According to www.nhs.uk.com, symptoms of syphilis, include painless sore or open around the genitals, lips, mouth tonsils, fingers or buttocks at the primary stage(10 days to three months after first contact). At the secondary, a non-itchy skin rash on the palms of the hands or soles of the feet, small skin growths on the vulva or around the anus, flu-like symptoms such as tiredness, headaches, joint pains and fever and swollen lymph glands and weight loss. It progresses to the latent stage, where the syphilis infection shows no symptom though can still be passed on. At the tertiary stage, it can manifest as stroke, dementia ,paralysis, blindness, deafness, heart disease, skin rashes and even death.
According to Dr Akinde, syphilis causes ulceration of the genital tracts in both sexes(painless sore on the penis or the vagina or anus. The ulcer heals up after about six weeks and is followed by symptoms like a sick feeling including a fever, headache, rash, sore throat and swollen glands. If left untreated for many years, syphilis can cause serious complications such as infertility, problems with the heart, blood vessels, bones and the skin.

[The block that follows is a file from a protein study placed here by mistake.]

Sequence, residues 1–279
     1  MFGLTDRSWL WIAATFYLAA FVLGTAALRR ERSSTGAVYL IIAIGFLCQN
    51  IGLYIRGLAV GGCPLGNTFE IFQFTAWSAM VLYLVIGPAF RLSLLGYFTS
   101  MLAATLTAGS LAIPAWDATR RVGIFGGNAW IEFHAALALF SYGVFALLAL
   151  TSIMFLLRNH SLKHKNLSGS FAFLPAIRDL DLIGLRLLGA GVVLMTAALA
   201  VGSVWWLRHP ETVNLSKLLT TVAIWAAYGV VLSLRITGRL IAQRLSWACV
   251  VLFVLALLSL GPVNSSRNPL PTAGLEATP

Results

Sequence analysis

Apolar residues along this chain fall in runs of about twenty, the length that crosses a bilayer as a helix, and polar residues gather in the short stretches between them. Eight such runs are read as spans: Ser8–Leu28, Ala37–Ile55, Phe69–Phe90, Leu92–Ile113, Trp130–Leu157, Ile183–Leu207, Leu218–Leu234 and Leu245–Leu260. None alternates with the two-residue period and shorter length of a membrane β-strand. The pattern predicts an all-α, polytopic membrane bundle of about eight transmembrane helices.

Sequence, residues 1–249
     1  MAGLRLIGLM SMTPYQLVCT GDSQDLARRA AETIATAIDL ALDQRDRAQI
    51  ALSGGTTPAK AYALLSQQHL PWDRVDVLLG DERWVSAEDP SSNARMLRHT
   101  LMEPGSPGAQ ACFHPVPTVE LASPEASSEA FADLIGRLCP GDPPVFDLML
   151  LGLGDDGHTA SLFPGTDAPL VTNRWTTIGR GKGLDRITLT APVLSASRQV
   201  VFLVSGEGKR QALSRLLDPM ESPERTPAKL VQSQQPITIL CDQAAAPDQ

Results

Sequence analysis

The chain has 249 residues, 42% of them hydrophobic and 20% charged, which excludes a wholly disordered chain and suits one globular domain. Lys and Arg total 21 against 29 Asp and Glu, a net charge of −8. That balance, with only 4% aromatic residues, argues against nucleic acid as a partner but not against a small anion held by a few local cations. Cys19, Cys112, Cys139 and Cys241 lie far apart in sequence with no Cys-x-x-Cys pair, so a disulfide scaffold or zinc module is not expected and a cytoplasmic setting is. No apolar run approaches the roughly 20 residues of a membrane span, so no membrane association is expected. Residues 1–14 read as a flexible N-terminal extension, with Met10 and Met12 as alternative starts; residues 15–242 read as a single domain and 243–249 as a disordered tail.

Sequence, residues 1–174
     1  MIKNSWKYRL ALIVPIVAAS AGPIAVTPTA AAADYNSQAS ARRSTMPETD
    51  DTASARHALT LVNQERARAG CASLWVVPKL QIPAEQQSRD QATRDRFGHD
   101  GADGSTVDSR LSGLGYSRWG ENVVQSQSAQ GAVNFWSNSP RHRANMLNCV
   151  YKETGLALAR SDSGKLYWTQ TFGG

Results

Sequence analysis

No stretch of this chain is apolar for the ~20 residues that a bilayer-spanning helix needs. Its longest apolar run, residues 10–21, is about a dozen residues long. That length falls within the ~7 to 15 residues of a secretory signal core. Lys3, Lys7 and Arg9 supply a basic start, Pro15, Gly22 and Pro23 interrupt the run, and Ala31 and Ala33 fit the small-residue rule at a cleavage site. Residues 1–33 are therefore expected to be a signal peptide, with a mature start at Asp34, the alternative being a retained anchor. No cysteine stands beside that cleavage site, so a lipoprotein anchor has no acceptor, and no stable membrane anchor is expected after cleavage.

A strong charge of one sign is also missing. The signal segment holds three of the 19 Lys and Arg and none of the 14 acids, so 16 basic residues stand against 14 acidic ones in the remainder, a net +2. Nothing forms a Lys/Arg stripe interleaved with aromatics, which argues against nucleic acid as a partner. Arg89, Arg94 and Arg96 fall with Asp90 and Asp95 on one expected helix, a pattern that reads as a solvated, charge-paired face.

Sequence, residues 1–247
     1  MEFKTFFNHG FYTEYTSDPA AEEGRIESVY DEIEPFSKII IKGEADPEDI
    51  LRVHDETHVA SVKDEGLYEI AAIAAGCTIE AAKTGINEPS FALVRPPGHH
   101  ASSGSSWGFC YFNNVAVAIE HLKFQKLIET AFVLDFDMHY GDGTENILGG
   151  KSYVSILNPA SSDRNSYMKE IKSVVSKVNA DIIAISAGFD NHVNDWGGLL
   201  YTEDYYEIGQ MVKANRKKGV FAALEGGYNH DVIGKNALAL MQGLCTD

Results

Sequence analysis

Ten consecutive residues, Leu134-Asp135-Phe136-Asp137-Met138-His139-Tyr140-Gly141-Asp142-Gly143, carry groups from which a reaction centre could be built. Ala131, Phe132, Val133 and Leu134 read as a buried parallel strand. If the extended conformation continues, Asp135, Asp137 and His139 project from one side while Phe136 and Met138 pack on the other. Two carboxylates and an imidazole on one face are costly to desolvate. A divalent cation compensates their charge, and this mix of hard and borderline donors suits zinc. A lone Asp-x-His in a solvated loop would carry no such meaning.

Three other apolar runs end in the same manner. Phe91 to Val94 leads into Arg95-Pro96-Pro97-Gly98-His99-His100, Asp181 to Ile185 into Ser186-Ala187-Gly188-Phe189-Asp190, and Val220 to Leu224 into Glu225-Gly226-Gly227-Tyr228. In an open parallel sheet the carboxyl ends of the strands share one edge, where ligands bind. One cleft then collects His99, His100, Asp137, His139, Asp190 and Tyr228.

STIs as a public health concern
Sexually transmitted infections including Gonorrhea, Chlamydia and Syphilis are a public health concern. According to WHO, an estimated 500 million people acquire one of four sexually transmitted infections chlamydia, gonorrhea, syphilis and trichomoniasis.
In Nigeria, there are little or no official statistics on the trio of Gonorrhea, Chlamydia and Syphilis as cases are underreported. Most patients do not report to hospitals but resort to self- medication due fear of stigma or high cost of healthcare. Many of them patronize quacks and charlatans who experts fear, further complicate their fertility chances.
How they affect fertility